Internal Flash memory slow-down?

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leifR
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Joined: Fri Sep 25, 2015 9:41 am

Internal Flash memory slow-down?

Postby leifR » Mon May 13, 2019 1:07 pm

Hello,

we have XMOS XEF216-512-TQ128-I20 processor in our prototype and see the following issue:

We use internal flash of the processor to persist data and use quadflashlib.h (and -lquadflash flag in XCC flag.) When we have a new board with new processor, we have below one second delay to read hundred times single integer from the memory via serial communication. After some time, or let's say 600+ power cycles, we experience delay of some 40 seconds. In other boards that has been longer time in use we may reach close to 60 seconds timeout for this simple read. It is not clear in our tests what slows down the flash reading. We are not writing to flash anything in normal use except initially.

This is a tricky problem and can limit the product, because this is considerable timeout in serial communication.

Any idea what could have happened? How to tackle or solve the issue?

br,

\leif
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mon2
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Postby mon2 » Mon May 13, 2019 1:21 pm

Hi. Only some ideas to review:

1) what is the temp of the equipment (PCB / CPU / power supply feeding the CPU) under test? Is the temp higher on the PCBs that are taking longer time to respond?

2) For your serial communication, what is the baud rate? Is the clock to the serial IP stable and accurate? For PC standard baud rates, the clock should be 1.8432 MHZ or a multiple of this value (ie. 14.7456 Mhz is good).

3) If possible, consider to use an IR thermometer for electronic use and ping parts of your design to get a measurement of the temps. Respectively, try to use some freeze spray to cool down the PCB under test and see if this alters the results in your favour.

4) Aside from serial communication, can you rework your IP to perform the flash read and then just blink a local LED? How are the results if not using the serial communication part of your code? For example, code up a small routine to perform your flash read and then blink the LED but take a time stamp to measure the time taken to perform this task. Then repeat and if the time stamp is not similar and out of line then lock on the external LED to notify the user that something is wrong.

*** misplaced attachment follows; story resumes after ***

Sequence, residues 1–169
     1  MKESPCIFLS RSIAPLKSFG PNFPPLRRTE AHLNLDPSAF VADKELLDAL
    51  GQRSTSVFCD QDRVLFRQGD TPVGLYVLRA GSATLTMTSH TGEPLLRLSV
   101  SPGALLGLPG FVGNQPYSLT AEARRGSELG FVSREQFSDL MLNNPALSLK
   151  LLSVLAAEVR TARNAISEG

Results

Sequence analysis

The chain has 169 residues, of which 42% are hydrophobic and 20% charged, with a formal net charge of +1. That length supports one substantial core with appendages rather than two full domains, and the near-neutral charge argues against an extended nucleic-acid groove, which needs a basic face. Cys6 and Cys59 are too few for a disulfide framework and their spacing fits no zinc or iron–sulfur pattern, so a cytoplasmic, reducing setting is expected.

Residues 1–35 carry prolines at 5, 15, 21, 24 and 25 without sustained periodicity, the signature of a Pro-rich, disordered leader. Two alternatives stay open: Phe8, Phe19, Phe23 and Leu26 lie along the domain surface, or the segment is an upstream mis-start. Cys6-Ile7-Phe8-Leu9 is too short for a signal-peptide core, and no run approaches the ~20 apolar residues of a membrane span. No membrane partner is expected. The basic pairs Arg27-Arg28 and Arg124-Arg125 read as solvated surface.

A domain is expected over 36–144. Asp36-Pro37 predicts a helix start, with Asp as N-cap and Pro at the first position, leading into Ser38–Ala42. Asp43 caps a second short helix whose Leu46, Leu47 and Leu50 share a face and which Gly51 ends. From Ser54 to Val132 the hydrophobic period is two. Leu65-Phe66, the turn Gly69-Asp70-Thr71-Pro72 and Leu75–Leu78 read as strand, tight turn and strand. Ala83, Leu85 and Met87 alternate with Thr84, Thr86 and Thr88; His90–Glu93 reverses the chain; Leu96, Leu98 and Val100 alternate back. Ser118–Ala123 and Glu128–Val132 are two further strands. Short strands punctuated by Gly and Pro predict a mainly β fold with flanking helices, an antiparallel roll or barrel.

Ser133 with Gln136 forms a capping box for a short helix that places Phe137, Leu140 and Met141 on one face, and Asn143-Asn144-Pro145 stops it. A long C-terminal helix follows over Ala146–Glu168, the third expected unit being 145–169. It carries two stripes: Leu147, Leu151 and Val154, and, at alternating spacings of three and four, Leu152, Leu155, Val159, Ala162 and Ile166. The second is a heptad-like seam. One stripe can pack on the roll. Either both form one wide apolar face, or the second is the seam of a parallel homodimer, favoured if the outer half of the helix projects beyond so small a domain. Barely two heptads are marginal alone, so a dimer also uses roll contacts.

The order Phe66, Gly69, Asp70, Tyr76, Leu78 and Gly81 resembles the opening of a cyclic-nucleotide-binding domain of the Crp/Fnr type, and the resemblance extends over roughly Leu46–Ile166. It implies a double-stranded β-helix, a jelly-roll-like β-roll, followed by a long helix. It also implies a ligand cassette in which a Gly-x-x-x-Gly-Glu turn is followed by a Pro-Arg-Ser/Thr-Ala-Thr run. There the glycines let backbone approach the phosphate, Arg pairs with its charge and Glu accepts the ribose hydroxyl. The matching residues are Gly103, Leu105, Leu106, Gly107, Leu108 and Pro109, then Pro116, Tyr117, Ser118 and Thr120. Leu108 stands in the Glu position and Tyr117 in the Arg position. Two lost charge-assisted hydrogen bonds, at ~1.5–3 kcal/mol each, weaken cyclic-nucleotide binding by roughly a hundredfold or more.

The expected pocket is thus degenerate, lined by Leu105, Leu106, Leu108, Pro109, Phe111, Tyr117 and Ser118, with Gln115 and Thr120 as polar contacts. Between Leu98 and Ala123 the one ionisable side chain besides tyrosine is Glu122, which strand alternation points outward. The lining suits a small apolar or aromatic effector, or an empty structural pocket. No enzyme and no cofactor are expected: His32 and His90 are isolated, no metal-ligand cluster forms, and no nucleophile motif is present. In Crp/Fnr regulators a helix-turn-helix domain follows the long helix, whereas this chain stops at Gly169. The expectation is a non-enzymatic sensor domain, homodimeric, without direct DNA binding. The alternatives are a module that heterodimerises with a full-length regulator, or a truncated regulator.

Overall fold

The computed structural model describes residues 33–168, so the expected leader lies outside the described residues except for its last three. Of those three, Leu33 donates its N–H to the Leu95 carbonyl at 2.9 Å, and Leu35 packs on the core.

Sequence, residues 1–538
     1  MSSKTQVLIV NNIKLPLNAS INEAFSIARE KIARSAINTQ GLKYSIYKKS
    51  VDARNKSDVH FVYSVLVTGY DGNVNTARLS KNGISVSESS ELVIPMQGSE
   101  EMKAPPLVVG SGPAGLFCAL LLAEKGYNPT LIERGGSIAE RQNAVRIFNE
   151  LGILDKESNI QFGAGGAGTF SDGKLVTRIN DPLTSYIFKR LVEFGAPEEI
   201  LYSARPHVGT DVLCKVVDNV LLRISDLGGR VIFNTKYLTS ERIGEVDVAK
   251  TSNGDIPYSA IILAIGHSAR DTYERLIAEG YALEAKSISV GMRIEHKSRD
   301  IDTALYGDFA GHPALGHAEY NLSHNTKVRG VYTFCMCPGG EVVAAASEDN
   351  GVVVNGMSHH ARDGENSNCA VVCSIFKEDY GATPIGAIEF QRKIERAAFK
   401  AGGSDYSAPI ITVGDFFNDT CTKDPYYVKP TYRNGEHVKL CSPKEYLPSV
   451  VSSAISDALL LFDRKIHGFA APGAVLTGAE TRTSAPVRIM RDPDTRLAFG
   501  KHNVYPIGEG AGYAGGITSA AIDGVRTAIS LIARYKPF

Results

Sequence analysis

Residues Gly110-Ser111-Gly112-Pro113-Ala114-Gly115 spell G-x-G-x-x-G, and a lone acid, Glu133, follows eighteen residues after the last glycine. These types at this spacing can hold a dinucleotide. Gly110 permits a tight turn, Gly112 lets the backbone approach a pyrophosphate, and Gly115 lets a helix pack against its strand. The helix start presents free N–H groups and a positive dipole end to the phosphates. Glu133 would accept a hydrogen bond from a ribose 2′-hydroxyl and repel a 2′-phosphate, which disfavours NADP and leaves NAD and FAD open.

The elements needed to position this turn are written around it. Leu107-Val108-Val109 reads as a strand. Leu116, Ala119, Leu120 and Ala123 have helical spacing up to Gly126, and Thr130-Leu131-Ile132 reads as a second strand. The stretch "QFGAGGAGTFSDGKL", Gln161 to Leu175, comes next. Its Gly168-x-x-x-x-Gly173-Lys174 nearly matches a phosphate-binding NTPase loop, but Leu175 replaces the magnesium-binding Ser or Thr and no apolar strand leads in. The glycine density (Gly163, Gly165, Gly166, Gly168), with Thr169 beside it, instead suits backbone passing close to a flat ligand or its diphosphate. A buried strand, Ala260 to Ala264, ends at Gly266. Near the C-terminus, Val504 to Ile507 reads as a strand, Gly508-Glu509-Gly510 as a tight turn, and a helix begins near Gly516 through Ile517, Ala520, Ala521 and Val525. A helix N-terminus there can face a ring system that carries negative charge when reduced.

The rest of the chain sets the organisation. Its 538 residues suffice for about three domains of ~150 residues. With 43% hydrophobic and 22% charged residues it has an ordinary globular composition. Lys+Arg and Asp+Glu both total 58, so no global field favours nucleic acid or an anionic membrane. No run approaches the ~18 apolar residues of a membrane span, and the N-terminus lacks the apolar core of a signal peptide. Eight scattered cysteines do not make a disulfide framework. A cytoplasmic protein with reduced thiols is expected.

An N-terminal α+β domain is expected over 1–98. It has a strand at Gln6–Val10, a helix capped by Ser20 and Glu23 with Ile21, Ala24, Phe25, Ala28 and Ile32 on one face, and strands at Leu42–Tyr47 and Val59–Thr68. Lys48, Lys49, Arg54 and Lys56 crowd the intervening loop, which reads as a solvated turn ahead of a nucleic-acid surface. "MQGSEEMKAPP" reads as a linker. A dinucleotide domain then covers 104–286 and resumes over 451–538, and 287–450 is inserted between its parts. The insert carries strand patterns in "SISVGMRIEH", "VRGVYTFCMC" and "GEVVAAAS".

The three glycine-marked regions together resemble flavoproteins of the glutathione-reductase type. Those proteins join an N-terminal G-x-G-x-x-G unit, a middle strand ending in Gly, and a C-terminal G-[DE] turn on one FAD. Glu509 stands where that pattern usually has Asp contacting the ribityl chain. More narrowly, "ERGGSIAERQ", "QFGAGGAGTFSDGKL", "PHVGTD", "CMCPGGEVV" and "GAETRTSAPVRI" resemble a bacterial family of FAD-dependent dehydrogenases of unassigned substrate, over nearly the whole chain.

Post your results.
leifR
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Joined: Fri Sep 25, 2015 9:41 am

Postby leifR » Mon May 13, 2019 2:49 pm

Answer to few of the points.
1) Temperature few cm from processor is around 40 C. There are large copper pours in PCB to get heat away.
2) For serial communication we have 115200 Baud UART.

3 + 4 to go.
br,
\leif
leifR
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Postby leifR » Tue May 14, 2019 1:45 pm

3) Temperature should not be an issue because units work initially fast. Also slowness is visible immediately after power-up in slow units.
4) I did test with used unit (one week with power-cycles) and with a fresh unit. In the test I read flash memory 100x in row and blinked leds after.
Result: 23s for used unit. <0.5s for fresh unit.

Next I plan to run the fresh unit one week and check how it slows down. Anyway, any help is welcome to understand the issue and if there exist a solution.
br,
\leif

Code: Select all

void flash_leds()
{
    int curve_nr = 0;
    unsigned char int_buf[4];
    int value;
    while (1) {

        p_led1 <: 0b0000;
        delay_milliseconds(500);
        p_led1 <: 0b1111;
        delay_milliseconds(500);
        p_led1 <: 0b0110;
        delay_milliseconds(500);
        for (curve_nr = 0; curve_nr < 100; curve_nr ++) {
        bf_flash_read(flash_ports, int_buf, 4, INDEX_X_TYPE(curve_nr));  // read x_type
        value = chars_to_int(int_buf);
        }
    }
}

int bf_flash_read(fl_QSPIPorts &ports,
        unsigned char read_buf[], unsigned n_bytes, unsigned offset)
{
  // Connect to the QuadSPI device using the quadflash library function fl_connectToDevice.